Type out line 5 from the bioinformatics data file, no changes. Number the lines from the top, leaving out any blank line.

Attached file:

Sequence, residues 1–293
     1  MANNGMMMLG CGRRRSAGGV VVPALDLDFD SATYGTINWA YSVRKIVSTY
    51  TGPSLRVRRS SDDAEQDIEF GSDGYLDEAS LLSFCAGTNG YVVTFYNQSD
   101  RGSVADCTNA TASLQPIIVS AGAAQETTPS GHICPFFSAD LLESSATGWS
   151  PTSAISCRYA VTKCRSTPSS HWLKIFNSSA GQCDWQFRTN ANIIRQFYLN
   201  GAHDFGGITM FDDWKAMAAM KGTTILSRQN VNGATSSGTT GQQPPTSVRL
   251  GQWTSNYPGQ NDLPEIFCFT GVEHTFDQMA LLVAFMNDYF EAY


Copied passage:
   151  PTSAISCRYA VTKCRSTPSS HWLKIFNSSA GQCDWQFRTN ANIIRQFYLN